Inner Workings: LaserWriter II by Tamara Shopsin

LaserWriter

Tamara Shopsin’s debut novel, LaserWriter II, is slim and largely plotless, and yet somehow manages to be charming and totally compelling.

It’s a very quick read, but it has stuck in my mind in the weeks since I finished it.

LaserWriter II is a coming-of-age story about Claire, a young woman who gets a job at Tekserve, a famous (now long-closed) Apple repair shop in New York City in the 90s. She starts in intake and then moves up the ranks into repair technician. Along the way, she discovers that she is really good at repairing obscure and discontinued printers.

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Truth is a Mystery: Magic for Liars

Magic for Liars has a very cool cover, but I think it led me astray. I was expecting something a bit more dynamic based on that design and the book’s excellent title, but the resulting story was only competent and a bit unexciting. I did like the book well enough, and would definitely be game for reading work by Sarah Gailey – I’ve seen raves for just about everything they’ve ever written – but maybe I’d prefer the ones about carnivorous hippos?

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Color of Life: In by Will McPhail

I think I experienced a bit of synesthesia while reading In by Will McPhail.

The book is largely done in sketch-like black and white, the characters little more than outlines on a white background, except for moments when Nick, the main character, experiences real human connection. As soon as he makes that connection, the pages burst into fully painted, dynamic scenes, and I oftentimes felt like I could hear the sounds of crashing waves or the swell of some imaginary film score in my head. It made the whole thing quite extraordinary.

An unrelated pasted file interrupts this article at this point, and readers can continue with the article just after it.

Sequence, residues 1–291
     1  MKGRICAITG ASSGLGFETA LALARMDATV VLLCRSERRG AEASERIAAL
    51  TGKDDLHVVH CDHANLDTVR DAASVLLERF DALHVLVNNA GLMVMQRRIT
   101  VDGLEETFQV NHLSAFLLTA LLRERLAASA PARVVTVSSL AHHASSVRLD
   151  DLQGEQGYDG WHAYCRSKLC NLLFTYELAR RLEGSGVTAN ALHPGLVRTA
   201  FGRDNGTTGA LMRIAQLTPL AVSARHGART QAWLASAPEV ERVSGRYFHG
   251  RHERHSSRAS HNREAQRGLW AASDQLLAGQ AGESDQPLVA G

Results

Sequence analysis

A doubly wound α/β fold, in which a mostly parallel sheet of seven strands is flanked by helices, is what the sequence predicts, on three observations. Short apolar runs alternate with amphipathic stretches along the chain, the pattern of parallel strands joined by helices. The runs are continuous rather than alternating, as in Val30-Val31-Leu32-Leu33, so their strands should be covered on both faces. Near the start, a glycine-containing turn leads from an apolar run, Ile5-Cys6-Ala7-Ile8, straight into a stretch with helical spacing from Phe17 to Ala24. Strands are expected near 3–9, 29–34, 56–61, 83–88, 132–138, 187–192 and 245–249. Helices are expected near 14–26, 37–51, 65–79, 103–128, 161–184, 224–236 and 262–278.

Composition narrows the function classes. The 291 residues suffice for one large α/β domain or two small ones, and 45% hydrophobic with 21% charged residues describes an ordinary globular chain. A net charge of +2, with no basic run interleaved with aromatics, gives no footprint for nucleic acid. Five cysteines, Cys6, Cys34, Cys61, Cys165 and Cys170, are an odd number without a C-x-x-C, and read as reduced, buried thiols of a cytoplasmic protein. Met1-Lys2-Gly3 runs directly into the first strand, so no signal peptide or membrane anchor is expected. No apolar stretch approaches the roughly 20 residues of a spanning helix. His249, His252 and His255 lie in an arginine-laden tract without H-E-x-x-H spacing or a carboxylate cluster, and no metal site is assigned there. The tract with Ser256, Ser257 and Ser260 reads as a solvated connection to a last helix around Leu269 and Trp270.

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Not Much There: Fangs by Sarah Anderson

Sarah Anderson is best known for her Sarah’s Scribbles web comics, where a big-eyed, spiky-haired version of herself deals with introversion, anxiety, and the vagaries of modern life in a humorous, relatable way. Those strips are the exact sort of thing that people love to share on social media.

When I heard about her new book, Fangs, I was intrigued because it sounded so different from her oftentimes silly work in Sarah’s Scribbles.

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Turtles and Cats in the City at Night: The Intergalactic Interloper by Delas Heras

A turtle and cat make friends.

When I read about Delas Heras’ debut, The Intergalactic Interloper, it sounded like a perfect change of pace from the world outside.

It’s a short book, humorous if not laugh-out-loud funny, and charming in a gentle, nostalgic way.

The action begins in the distant past of New York City 1995, a place and time that feels comforting purely because it is a quarter of a century and thousands of miles away from where I am right now.

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Relatable Urchins: Nancy by Olivia Jaimes

Sluggo is Lit

I’ve never read any of the classic Nancy comics, but her look is iconic. I feel like I could identify a Nancy comic from across the room by the shape of Nancy’s head alone. The fact that those comics were ubiquitous enough to become iconic but passé enough that I’d never read any of them is a fascinating contradiction.

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More Than Wordsmiths: Foundryside by Robert Jackson Bennett

Foundryside cover detail

Golems from Jewish folklore have always fascinated me, with their heads full of instructions written on a life-giving scroll. A golem is both the creation myth in miniature and a way to codify magic, a sort of early computer programming where the processors are clay giants. It’s strangely comforting to imagine that human beings could control the world in such a fashion, while also terrifying to imagine the many ways it could go wrong.

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